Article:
A focus on customer service outcomes at GWMWater — the Grampians Wimmera Mallee Water Corporation — has been underpinned by the organisation’s investment in a unified enterprise software suite that can deliver a single source of truth for key data, as well as an emphasis on eliminating manual processes at the utility.
At the same time, the investment in technology by the organisation has meant it is able to offer data-driven services to its 72,000 customers. “We’re positioning ourselves around being a digital utility,” explained GWMWater’s managing director, Mark Williams.
GWMWater is a vertically integrated water business in Victoria’s west. The government-owned corporation was established in 2004 and serves an area covering almost quarter of the state: Over 60,000 square kilometres — an area, Williams noted, about the size of Tasmania. In terms of industry, it is dominated by agriculture and some niche horticulture with a bit of mining.
Over the last quarter of a century, significant work has been performed to reengineer much of the water infrastructure in the area currently served by GWMWater. That has included the Wimmera Mallee Pipeline project, which was one of the largest water infrastructure projects Australia has seen, involving the replacement of 17,500 kilometres of open channels with over 9100 kilometres of pipeline.
The project saves 103 billion litres of water a year, according to GWMWater, servicing 36 towns and 7000 rural customers across the Wimmera and Mallee.
Accompanying the investment in water infrastructure has been spending on digital infrastructure, rolling out sensors across the utility’s network and investing in back-office systems, according to Williams.
GWMWater itself was formed from the fusion of the Grampians Region Water Authority and the Wimmera-Mallee Water Authority.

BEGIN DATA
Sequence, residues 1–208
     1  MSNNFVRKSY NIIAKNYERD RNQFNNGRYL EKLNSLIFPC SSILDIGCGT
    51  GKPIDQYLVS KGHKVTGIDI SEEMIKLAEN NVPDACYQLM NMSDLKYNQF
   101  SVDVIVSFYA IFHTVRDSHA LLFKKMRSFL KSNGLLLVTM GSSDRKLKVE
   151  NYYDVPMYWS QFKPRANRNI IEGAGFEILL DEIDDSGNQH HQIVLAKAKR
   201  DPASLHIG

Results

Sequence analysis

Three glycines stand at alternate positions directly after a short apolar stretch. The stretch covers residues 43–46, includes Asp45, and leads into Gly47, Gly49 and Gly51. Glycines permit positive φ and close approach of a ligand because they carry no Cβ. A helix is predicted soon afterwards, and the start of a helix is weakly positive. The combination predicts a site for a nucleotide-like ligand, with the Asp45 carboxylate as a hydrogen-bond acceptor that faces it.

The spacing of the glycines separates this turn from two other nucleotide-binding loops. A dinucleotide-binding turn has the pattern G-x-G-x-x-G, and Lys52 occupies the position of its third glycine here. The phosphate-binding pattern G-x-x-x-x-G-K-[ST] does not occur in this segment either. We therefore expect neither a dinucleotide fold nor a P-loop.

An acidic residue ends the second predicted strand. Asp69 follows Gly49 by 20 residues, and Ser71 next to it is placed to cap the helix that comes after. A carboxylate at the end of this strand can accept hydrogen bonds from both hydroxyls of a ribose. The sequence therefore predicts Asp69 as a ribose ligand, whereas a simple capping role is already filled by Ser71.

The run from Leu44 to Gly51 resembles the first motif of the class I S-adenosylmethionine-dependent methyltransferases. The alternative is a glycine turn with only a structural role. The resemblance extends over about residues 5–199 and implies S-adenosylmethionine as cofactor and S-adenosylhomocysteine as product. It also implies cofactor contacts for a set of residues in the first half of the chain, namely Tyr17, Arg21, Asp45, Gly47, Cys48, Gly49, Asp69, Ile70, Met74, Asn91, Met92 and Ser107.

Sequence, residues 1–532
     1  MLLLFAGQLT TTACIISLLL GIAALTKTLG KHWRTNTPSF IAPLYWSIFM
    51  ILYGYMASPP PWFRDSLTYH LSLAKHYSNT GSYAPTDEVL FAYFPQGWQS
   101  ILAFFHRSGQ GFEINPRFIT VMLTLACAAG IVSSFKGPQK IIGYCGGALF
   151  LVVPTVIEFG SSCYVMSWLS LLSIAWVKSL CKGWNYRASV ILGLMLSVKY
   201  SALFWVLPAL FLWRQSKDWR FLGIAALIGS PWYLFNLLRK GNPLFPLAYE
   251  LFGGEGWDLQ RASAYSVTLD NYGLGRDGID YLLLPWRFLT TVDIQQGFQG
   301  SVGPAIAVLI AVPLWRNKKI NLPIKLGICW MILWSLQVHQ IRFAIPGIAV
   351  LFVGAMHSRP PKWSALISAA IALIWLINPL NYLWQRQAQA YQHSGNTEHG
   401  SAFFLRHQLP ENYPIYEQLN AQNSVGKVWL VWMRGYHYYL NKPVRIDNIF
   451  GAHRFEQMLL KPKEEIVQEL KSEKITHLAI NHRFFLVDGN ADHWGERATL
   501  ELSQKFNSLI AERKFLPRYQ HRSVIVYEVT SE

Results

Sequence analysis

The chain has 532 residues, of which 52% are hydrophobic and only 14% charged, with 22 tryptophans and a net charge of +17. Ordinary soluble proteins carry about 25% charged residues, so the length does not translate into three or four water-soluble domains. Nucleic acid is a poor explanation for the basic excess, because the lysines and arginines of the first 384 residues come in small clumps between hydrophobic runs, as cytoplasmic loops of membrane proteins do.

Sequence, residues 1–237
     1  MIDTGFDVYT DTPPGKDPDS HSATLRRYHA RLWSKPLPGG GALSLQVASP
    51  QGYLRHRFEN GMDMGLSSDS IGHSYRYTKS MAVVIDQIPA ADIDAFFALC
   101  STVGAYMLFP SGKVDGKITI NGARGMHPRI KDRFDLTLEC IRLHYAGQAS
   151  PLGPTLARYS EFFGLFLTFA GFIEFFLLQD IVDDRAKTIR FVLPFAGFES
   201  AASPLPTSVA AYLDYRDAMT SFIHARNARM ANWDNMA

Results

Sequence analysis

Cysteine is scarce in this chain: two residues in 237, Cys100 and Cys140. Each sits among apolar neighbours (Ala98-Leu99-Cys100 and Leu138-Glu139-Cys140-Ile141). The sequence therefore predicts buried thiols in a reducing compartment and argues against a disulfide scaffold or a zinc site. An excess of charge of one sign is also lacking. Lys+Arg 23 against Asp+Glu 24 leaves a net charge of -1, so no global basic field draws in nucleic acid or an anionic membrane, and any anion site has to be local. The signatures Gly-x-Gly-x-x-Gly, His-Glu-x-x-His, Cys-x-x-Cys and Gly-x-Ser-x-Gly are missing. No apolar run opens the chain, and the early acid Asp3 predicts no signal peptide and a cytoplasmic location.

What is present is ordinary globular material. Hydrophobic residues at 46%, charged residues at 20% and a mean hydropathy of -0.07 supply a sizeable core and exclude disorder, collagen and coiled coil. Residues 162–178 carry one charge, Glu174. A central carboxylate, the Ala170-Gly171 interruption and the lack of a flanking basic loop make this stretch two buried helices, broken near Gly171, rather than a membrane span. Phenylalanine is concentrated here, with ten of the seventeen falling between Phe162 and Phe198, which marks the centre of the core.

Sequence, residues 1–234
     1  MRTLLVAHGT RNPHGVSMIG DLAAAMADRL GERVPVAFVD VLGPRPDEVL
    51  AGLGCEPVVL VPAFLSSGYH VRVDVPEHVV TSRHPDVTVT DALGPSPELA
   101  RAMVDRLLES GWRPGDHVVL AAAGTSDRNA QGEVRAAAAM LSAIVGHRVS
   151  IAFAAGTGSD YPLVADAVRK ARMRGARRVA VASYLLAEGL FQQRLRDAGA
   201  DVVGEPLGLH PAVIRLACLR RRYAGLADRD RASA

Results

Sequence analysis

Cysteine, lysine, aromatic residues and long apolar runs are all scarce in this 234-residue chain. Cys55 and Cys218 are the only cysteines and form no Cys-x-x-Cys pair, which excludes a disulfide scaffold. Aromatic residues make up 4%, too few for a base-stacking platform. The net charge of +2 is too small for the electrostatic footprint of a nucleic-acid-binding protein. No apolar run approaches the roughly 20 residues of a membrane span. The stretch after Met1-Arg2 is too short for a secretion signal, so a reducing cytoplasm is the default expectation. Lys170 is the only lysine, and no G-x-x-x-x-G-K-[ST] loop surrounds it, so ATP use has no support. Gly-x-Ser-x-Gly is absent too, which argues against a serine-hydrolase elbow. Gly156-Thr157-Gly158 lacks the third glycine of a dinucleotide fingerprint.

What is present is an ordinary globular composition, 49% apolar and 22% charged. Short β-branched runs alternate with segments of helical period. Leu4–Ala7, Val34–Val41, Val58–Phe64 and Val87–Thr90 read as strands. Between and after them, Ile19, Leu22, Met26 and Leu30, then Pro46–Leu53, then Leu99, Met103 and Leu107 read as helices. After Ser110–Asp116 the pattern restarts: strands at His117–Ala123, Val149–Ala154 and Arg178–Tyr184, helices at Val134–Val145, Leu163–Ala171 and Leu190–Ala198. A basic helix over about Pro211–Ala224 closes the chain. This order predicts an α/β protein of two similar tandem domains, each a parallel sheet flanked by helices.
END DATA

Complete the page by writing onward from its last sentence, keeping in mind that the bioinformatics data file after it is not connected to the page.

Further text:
“In 2004 there were two water businesses: A rural business that looked after the headworks and an urban business, covering basically the same footprint,” Williams said.
Merging the businesses meant there was a need to roll out a unified IT platform. The merger took place around the time as work begun on the $688 million pipeline project.
A final business case for the pipeline was released in September 2004, and then deputy prime minister John Anderson announced funding for the project that month. The first pipes were laid in September 2005.
Initially, GWMWater needed something that would deliver project management and project accounting for the massive undertaking.
The utility chose OneWater from ASX-listed software vendor TechnologyOne.
“It started off around finance, but at the same time we also needed a billing solution that would deal with both our rural customer base and urban customer base – there were two different billing solutions,” Williams said.
“We made a commitment around those two systems then, and as we’ve evolved we’ve picked up the asset management system as well, which has underpinned works management and work orders.”
GWMWater has also rolled out OneWater’s HR, corporate performance management and supply chain modules.
In the early days of Grampians Water, the emphasis was on best of breed systems (Williams joined GWMWater from Grampians Water, where he wrote the organisation’s original ICT strategy).
“Integration has been a bigger driver in more recent times around our system acquisitions,” he said. That has been part of the appeal of going with a vendor suite, though he adds that ease of integration is still only one of the criteria for investment at GWMWater.
Rolling out a platform that can act as a single source of truth for the organisation has helped drive better customer service, Williams said.